Perhaps with this in mind, and perhaps because the Kröller-Müller Museum holds the second-largest collection of the Post-Impressionist master in the world, with almost 90 paintings and over 180 drawings attributed to Vincent Van Gogh, the thieves decided to hit the Otterlo museum on December 12, 1988. TO commit their crime, they entered the museum by breaking one of the windows and then made off with three artworks worth an estimated €113 million euros.

The works stolen included: 

The second of three painted sketches titled 
De aardappeleters, (the potato eaters), April - May 1885
oil on canvas mounted on panel, 73.9 x 95.2 cm
Completed in Nuenen


Loom with Weaver, 1885
oil on canvas, 70 x 85 cm
Completed in Nuenen


and

Four Cut Sunflowers, August-September 1887
oil on canvas,  60.0 x 100.0 cm
Completed in Paris 



Loom with Weaver was returned, possibly as a gesture for negotiation in April 1989.  The two thieves then tried to exact a $2.5 million ransom for the remaining two paintings which led to the police recovering the works on July 13, 1989. 

While no ransom was paid, the artworks did sustain damages.  Two men were sentenced to 3.5 and 5 years respectively for their roles in the crime.

By: Lynda Albertson

May 20, 1988 - Museum Theft, Stedelijk Museum Amsterdam, The Netherlands

In the early morning hours of May 20, 1988, the Stedelijk Museum Amsterdam, located on the Museumplein, was hit with its one and only museum theft to date. The value of the stolen works, which became part of the collection between 1949 and 1951, were estimated by the museum's director Wilhelmus Beeren at the time to be between 25 to 100 million Dutch gilder, the currency of the Netherlands from the 17th century until 2002.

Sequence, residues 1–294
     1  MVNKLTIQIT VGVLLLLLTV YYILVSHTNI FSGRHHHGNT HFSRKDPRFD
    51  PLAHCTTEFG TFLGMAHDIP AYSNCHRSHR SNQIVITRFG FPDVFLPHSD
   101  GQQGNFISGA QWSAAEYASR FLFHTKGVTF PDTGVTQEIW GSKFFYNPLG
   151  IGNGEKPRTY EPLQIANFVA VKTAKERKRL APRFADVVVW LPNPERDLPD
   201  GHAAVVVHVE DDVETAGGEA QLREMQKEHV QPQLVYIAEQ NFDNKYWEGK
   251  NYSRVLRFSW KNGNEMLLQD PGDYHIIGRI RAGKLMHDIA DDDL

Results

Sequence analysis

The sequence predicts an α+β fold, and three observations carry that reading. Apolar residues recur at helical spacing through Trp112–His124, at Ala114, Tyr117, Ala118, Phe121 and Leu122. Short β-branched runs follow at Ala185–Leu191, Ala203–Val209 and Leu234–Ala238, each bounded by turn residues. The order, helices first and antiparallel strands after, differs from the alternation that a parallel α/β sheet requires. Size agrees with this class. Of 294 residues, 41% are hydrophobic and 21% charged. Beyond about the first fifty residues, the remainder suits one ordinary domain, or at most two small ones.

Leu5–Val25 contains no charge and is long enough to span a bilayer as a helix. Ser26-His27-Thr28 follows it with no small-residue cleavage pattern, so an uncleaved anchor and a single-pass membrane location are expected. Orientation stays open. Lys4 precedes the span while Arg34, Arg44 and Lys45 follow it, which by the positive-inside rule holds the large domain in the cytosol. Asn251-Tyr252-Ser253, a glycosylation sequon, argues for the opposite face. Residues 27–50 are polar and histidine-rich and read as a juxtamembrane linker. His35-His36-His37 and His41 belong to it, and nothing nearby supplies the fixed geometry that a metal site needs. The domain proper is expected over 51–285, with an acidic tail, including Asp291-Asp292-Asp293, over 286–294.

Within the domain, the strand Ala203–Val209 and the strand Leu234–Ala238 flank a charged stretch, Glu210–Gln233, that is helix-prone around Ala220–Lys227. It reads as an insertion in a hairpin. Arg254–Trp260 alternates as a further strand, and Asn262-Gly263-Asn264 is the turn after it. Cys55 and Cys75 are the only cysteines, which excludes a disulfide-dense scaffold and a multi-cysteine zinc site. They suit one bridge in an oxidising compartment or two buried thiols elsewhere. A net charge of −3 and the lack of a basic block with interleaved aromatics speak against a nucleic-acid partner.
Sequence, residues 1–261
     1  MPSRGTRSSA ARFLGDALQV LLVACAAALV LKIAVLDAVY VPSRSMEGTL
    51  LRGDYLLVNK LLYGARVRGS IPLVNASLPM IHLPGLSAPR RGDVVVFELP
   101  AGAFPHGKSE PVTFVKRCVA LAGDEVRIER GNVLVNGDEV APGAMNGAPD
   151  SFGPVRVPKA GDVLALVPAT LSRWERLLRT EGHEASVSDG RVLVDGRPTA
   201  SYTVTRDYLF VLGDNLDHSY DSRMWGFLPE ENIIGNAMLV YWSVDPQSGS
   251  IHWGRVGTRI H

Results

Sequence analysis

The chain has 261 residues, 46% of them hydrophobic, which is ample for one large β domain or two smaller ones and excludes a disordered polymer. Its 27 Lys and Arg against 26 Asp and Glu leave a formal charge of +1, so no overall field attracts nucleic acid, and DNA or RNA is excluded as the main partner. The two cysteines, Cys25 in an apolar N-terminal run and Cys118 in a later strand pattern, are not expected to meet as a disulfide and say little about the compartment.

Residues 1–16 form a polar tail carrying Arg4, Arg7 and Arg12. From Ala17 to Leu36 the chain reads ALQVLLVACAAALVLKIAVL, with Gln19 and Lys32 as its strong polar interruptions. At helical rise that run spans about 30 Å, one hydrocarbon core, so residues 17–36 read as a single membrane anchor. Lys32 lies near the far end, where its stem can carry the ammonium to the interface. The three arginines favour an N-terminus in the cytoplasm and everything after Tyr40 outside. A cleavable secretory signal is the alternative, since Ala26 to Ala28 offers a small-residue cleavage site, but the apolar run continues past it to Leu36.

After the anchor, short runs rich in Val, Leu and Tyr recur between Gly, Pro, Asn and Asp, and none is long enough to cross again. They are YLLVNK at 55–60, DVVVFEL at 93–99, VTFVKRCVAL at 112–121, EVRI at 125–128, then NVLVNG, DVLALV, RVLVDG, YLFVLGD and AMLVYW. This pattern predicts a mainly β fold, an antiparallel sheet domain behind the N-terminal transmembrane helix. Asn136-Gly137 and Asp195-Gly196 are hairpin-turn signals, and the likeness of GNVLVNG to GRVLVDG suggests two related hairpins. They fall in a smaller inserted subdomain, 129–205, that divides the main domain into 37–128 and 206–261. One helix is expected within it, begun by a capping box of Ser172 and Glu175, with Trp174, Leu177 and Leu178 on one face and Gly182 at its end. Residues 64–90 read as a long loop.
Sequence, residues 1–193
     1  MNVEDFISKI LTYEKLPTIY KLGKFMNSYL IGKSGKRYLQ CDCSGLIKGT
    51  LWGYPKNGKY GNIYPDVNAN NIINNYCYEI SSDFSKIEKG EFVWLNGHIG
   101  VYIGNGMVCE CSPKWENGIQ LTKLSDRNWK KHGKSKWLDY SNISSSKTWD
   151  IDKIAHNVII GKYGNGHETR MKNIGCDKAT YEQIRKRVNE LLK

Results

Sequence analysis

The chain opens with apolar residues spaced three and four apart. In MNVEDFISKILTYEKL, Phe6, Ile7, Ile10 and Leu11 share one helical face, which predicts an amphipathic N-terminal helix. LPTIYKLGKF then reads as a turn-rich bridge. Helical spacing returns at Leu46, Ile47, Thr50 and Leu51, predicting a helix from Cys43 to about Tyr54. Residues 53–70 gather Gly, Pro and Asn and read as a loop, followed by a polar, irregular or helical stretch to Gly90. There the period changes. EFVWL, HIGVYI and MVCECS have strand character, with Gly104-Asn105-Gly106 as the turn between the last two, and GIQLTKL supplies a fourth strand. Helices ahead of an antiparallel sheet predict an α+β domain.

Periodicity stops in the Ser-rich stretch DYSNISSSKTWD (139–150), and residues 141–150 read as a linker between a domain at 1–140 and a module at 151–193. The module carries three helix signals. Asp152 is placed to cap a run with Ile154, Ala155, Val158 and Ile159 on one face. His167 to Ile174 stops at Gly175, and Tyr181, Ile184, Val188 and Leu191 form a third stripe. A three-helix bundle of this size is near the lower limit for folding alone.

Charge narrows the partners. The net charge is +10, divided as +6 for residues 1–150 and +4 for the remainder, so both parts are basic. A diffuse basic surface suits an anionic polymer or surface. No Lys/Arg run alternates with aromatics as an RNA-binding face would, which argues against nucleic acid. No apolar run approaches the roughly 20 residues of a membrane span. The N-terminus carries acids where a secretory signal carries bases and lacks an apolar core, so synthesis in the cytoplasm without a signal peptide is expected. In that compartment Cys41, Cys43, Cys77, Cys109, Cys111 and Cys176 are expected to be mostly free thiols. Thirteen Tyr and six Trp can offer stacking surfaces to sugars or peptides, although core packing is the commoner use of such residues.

The Stedelijk was equipped with an electronic alarm system but at the time of the break-in the museum was unmanned.  The alarm went off at five in the morning which prompted the private security service hired by the museum, and who monitored the alarm system from a central office, to contact the Amsterdam police 20 minutes later.

Upon arriving on the scene, law enforcement found a broken window. During an inspection of the museum after the break-in, staff reported that three paintings had been taken from a room close to the entrance of the museum. 

The paintings stolen during the burglary were:

Vase with Carnations, 1886 
by Vincent van Gogh 
oil on canvas, 46.0 x 37.5 cm


Bouteilles et pêches (Bottles and Peaches), 1890
By Paul Cézanne
oil on canvas, 49 x 51 cm


and

La maison du maître Adam Billaud à Nevers (The House of Master Adam Billaud at Nevers) 1874 
By Johan Barthold Jongkind
oil on canvas, 56.5 x 42.5 cm


Interviewed shortly after the theft, Director Beeren stated that the theft could have been done by experts perhaps on a "made to Order" basis.  His hypothosis was based upon the fact that the museum contained many other, more valuable works of art and given the thief also chose to make-off with the paintings' frames. 

Eleven days later, on 31 May 1988, all three paintings were recovered undamaged by police, who had posed as potential buyers interested in Post-Impressionist art when dealing with the criminal. The culprit was then arrested for the burglary and convicted.

By: Lynda Albertson

May 15, 1975 - Museum Theft, Galleria d'Arte Moderna, Milan